If you fall behind with certain financial liabilities, such as council tax or other taxes collected by Revenue Scotland, there are procedures in place that enable creditors to collect outstanding sums quicker than is usually the case with traditional debt recovery procedures. A summary warrant is one such method, commonly being used by local authorities and Revenue Scotland to allow them to apply to the court to obtain payment.
The standard practice for debt recovery in Scotland is for court action to be raised by the creditor and, once a decree is issued, for this to be enforced so that outstanding sums are recovered. There are usually a range of pre-action steps which will be carried out, including the sending of a letter before action which requests that payment must be made, or court action will be forthcoming.
Summary warrant procedure differs in that the court's processes are largely bypassed. Rather than having to negotiate lengthy court procedures, and the associated delays and complexities, creditors benefit from a speedier process that enables them to achieve the equivalent of a judgement of the court far more quickly. This is a result of Local Authorities and Revenue Scotland being afforded privileged positions as creditors.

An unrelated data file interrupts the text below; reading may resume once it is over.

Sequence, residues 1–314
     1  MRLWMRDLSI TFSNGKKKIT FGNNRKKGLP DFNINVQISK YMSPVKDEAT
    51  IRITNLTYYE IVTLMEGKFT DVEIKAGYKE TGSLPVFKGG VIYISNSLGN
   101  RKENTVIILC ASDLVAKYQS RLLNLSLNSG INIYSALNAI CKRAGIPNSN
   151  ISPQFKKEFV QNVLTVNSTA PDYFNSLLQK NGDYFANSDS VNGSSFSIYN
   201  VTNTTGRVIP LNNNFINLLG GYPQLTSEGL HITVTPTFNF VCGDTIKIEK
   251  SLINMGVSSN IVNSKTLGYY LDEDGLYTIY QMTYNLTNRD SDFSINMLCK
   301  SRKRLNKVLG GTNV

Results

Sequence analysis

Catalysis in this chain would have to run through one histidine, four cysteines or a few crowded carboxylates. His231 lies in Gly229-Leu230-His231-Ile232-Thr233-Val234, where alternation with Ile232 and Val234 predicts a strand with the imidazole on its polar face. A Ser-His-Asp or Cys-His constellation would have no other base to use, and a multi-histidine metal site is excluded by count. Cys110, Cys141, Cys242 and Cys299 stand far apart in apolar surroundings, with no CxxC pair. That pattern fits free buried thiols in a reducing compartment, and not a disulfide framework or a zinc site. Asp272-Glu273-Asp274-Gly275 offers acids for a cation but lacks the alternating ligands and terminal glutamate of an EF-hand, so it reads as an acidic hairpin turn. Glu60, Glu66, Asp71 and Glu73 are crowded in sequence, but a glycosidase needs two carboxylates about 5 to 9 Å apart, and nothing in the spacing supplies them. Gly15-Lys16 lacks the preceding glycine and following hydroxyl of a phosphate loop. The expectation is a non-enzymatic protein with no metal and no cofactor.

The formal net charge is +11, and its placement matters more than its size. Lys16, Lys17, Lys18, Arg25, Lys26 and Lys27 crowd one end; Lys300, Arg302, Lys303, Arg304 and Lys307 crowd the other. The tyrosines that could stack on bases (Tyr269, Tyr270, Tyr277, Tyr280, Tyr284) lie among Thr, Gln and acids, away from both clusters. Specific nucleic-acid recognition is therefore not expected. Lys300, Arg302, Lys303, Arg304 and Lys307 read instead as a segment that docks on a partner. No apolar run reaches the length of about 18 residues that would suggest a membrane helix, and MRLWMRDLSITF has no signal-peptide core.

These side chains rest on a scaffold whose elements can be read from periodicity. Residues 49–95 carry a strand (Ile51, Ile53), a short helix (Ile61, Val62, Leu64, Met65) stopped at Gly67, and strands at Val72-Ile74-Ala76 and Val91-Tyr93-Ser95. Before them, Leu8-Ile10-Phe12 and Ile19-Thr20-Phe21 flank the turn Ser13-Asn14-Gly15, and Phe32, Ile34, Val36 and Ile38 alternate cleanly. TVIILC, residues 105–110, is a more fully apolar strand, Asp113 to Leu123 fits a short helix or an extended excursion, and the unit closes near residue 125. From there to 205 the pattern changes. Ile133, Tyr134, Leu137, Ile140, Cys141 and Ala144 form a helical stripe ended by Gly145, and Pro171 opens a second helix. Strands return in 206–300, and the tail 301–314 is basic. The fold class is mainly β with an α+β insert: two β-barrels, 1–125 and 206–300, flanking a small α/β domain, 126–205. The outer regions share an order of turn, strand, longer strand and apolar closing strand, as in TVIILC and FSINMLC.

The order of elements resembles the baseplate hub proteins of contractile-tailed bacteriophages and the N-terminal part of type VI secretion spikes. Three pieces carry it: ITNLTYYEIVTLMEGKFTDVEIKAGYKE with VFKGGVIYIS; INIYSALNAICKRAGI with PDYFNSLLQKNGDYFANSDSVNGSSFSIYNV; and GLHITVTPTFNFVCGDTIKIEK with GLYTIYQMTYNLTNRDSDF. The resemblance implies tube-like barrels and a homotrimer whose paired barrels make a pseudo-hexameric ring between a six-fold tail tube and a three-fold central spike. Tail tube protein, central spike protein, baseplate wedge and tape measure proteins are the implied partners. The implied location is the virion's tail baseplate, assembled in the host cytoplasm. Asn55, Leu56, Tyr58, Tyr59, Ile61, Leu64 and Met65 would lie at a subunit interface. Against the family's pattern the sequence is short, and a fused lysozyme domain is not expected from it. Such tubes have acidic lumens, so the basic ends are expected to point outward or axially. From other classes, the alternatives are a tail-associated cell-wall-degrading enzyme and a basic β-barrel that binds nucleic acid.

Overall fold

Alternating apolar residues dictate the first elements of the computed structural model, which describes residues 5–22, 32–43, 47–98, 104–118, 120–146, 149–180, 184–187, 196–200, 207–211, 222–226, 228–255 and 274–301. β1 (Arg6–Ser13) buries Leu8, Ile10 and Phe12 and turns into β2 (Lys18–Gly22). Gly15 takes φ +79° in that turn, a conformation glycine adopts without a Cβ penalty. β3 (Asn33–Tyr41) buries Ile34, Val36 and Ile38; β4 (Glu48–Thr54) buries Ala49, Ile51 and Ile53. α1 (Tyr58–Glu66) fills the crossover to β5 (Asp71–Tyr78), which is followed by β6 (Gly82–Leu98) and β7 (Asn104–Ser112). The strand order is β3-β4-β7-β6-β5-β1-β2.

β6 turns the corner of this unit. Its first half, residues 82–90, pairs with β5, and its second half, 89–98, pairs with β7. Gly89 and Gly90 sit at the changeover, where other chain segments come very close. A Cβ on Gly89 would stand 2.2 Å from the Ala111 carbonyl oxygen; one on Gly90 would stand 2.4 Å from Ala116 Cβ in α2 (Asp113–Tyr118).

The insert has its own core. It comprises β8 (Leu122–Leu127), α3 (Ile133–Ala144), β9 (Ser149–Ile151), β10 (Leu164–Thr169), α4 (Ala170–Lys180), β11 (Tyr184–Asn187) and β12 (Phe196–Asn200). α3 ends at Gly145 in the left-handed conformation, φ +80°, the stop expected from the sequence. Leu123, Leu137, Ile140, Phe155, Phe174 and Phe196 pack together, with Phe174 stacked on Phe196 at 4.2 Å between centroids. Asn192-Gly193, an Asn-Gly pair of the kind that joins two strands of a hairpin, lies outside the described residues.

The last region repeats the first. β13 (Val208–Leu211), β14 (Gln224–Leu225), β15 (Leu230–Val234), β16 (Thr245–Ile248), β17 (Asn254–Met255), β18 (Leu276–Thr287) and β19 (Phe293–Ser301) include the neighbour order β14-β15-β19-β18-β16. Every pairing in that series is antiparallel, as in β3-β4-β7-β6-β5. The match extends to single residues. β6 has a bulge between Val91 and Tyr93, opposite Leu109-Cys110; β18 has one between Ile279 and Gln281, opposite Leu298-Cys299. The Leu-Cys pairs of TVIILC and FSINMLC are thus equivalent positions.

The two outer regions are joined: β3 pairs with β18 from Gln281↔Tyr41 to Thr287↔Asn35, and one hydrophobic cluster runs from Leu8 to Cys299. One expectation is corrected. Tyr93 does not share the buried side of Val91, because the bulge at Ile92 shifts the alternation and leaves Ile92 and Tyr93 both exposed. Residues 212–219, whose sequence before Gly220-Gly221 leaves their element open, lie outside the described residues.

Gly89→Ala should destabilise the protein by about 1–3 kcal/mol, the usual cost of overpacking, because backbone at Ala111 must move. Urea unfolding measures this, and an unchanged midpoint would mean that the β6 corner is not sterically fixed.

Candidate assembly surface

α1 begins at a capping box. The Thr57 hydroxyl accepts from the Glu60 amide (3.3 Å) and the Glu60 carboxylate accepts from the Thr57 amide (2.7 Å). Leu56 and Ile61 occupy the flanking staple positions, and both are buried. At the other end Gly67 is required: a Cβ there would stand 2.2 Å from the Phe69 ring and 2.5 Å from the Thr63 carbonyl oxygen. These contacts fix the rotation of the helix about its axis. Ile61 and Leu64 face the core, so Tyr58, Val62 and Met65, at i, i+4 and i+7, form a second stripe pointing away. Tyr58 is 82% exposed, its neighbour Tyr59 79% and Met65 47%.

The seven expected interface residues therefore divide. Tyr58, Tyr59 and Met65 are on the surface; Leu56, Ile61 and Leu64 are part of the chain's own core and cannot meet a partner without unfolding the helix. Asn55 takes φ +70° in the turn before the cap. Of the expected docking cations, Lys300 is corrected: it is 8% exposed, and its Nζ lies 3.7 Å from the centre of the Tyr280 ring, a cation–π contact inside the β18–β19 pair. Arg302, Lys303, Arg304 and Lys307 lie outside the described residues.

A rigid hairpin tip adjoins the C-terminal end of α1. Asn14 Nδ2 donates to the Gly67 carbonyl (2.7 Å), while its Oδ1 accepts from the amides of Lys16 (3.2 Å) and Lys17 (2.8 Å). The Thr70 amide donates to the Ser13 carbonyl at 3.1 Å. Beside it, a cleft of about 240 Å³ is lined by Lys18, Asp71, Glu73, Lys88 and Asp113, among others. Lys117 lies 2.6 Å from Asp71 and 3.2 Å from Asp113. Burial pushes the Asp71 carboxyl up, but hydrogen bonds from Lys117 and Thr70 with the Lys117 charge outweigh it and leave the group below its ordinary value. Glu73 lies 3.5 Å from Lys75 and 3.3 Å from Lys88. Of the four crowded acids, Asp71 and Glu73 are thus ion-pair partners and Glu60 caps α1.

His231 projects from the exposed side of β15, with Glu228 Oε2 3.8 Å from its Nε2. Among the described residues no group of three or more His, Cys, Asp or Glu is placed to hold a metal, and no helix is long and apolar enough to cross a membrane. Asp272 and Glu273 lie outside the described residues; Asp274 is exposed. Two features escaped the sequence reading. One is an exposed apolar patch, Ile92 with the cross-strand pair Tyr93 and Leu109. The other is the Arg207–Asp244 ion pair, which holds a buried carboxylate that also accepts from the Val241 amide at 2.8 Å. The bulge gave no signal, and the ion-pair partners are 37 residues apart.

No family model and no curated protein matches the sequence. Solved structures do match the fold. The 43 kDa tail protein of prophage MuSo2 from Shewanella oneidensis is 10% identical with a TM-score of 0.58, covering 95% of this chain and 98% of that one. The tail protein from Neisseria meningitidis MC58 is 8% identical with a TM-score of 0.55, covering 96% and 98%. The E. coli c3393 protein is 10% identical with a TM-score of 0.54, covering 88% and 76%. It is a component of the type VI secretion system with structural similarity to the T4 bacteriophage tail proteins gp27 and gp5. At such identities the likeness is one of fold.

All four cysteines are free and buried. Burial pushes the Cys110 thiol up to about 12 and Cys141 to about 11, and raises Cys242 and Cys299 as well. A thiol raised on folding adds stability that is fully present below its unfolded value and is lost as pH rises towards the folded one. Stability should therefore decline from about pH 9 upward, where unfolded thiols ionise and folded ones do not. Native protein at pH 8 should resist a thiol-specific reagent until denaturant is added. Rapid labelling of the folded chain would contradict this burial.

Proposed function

Typically, the summary warranty process involves:
The summary warrant has the same effect as is if the traditional debt recovery process had been initiated via court action and decree had been granted by the court. The critical difference is that the creditor can immediately proceed with diligence – that is, going ahead with enforcement proceedings to recover the debt. These enforcement options include attachment of goods, money attachment and arrestment (freezing of bank accounts).
Summary warrants can create several problems for business owners. The first relates to whether the debt exists in the first place, or whether the sums demanded are accurate. It is not uncommon for former occupiers of premises to receive a summary warrant for outstanding business rates for a period that they did not occupy the premises, as well as other errors when it comes to issuing summary warrants.
Unlike court action, there is no scope for recalling a summary warrant. The primary solution is for the business in question to engage in dialogue with the Local Authority or Revenue Scotland and to produce evidence to support their assertion that an error has been made, with the support of your former landlord. The only effective judicial remedy would be to apply to the court for an interdict which would prevent your creditor from taking any further enforcement action.